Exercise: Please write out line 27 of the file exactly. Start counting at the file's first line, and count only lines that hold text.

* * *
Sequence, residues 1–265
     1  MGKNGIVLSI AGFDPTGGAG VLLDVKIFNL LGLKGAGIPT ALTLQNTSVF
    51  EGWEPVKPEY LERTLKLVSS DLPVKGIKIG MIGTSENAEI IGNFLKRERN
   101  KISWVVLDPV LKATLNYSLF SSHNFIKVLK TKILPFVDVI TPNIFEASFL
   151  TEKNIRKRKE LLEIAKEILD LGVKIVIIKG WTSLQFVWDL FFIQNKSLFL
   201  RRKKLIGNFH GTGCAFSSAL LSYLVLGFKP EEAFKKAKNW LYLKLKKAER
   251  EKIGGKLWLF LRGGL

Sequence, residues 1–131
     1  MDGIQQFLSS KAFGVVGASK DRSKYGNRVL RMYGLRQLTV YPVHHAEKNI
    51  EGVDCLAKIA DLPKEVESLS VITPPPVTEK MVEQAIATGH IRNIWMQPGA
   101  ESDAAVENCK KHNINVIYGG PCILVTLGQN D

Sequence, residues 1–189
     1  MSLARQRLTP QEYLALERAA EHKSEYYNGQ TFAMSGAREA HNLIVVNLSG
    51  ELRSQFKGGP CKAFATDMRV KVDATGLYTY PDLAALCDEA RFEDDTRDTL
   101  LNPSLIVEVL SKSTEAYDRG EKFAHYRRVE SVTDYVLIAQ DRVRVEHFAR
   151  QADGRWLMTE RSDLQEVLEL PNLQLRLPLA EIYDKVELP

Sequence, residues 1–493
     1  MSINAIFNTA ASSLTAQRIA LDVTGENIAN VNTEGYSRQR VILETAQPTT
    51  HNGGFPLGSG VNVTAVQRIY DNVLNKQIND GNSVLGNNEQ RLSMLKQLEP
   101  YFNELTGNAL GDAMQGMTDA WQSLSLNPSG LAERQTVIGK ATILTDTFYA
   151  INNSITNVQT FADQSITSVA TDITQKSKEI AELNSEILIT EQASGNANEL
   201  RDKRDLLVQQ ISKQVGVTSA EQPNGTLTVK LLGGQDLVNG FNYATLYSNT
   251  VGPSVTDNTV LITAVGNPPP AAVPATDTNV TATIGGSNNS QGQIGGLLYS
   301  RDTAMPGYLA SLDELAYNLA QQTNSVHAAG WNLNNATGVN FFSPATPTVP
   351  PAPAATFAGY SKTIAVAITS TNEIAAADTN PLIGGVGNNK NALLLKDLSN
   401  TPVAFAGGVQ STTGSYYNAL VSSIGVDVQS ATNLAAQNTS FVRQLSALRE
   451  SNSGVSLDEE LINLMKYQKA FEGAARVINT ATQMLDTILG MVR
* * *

   451  SNSGVSLDEE LINLMKYQKA FEGAARVINT ATQMLDTILG MVR